Author, Alyssa Burley, Client Services Coordinator, Rancho Mesa Insurance Services, Inc.
Risk Management is the identification, analysis, assessment, control, and avoidance, minimization, or elimination of unacceptable risks. Companies manage their risk through what is known as an Injury and Illness Prevention Program (IIPP). As a business owner, supervisor or manager, there are tools available to assist in risk management endeavors.
“Injury and illness prevention programs are systems that can substantially reduce the number and severity of workplace injuries and illnesses while reducing costs to employers,” according to OSHA.
Below are four tools your company can use to proactively manage the IIPP.
Access to a robust bilingual database of both online and offline trainings is essential to ensuring employees are up to date on required and supplemental training. Weekly training shorts (e.g., tailgate topics, safety shorts) that are industry specific and relevant keeps employees focused on safety and reinforces a safety culture within the company.
“Training in the safe way for workers to do their jobs well is an investment that will pay back over and over again in fewer injuries and illnesses, better morale, lower insurance premiums and more,” according to OSHA’s training requirements document.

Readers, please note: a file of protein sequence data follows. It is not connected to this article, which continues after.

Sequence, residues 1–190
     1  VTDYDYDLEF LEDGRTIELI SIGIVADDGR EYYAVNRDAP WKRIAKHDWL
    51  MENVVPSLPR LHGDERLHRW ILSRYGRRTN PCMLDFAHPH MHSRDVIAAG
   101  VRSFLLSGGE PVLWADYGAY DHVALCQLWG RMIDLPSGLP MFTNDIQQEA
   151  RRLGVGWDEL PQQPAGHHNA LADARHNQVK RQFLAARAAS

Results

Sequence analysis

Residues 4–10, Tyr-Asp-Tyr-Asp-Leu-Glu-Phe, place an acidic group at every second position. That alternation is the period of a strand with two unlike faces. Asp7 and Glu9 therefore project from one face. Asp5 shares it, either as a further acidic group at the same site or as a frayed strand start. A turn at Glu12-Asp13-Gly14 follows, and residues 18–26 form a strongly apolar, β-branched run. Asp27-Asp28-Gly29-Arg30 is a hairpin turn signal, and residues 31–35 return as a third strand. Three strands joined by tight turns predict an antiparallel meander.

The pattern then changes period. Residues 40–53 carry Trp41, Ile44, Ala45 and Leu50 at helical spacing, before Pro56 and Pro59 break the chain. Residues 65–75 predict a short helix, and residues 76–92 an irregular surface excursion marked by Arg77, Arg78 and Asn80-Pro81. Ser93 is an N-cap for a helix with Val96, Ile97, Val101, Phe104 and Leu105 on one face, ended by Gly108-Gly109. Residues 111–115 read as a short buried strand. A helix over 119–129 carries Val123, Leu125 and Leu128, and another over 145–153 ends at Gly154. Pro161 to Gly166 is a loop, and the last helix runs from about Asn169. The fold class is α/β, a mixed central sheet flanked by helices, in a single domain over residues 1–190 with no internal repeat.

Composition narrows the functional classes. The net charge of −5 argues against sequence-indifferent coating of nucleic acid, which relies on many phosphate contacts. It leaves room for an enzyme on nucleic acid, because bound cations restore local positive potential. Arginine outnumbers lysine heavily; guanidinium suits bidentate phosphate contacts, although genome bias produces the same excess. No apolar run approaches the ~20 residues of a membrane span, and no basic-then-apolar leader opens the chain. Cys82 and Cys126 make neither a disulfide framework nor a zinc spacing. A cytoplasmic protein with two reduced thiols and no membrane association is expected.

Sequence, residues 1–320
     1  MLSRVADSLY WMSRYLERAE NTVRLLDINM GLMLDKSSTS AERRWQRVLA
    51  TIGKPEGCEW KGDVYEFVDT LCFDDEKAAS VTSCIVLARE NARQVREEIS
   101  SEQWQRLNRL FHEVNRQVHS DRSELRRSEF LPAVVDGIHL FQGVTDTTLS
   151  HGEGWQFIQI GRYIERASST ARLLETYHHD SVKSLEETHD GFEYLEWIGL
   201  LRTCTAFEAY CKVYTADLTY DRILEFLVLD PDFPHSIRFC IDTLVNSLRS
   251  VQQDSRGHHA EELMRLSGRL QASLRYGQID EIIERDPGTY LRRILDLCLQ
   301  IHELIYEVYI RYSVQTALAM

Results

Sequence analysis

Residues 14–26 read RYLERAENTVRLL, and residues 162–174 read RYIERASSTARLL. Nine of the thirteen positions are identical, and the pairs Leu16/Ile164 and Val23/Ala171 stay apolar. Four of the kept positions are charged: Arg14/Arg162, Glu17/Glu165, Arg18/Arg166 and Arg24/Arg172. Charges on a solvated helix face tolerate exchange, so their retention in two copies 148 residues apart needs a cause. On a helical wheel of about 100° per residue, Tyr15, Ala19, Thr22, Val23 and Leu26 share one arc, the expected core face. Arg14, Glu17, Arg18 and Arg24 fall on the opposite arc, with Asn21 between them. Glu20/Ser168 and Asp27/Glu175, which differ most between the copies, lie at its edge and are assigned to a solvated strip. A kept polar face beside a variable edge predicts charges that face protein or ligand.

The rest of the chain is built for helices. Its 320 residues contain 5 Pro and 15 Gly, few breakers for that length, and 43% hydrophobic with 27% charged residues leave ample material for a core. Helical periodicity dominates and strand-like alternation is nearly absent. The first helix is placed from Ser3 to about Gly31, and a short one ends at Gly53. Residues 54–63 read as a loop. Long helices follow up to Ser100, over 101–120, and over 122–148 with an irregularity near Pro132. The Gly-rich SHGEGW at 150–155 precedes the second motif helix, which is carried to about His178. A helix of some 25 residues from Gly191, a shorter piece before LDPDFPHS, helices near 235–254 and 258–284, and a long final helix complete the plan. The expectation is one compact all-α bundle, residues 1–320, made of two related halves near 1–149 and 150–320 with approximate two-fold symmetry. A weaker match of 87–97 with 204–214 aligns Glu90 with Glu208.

Tracking of Employee Training
Maintaining employee training documentation is vital for ensuring employees are trained on required topics and in regular intervals. Having an electronic tracking system can streamline the process and allow management to generate reports and search records from any device with internet access.
According to OSHA’s documentation, “it is a good idea to keep a record of all safety and health training. Documentation can also supply an answer to one of the first questions an incident investigator will ask: ‘Did the employee receive adequate training to do the job?’”
To learn more about OSHA training requirements, review Training Requirements in OSHA Standards.
Incident Tracking and OSHA Reporting
Documenting near-misses, injuries, and accidents can keep your company OSHA compliant while helping to prevent incidents in the future. Making sure supervisors complete a thorough investigation and collect witness statements at the time of the incident can also ensure hazards are addressed immediately. Electronic documentation of a near-miss or incident creates a standardization of data that is collected, allows for trend reporting, and electronic submission of OSHA 300A Summary data.
Written Job Hazard Analysis
A job hazard analysis (JHA) identifies the dangers of specific tasks in order to reduce the risk of injury to workers. JHAs are important for managing risk because they help to identify hazards which can be reduced or eliminated before an employee is hurt. Once a JHA is established, management should observe and document their findings and any remedies that are made.
Risk Management starts with a written IIPP, but it is up to management to implement and utilize the available tools to make it effective. Contact Rancho Mesa’s Client Services Department at (619) 438-6869 to learn more about the Risk Management Center platform.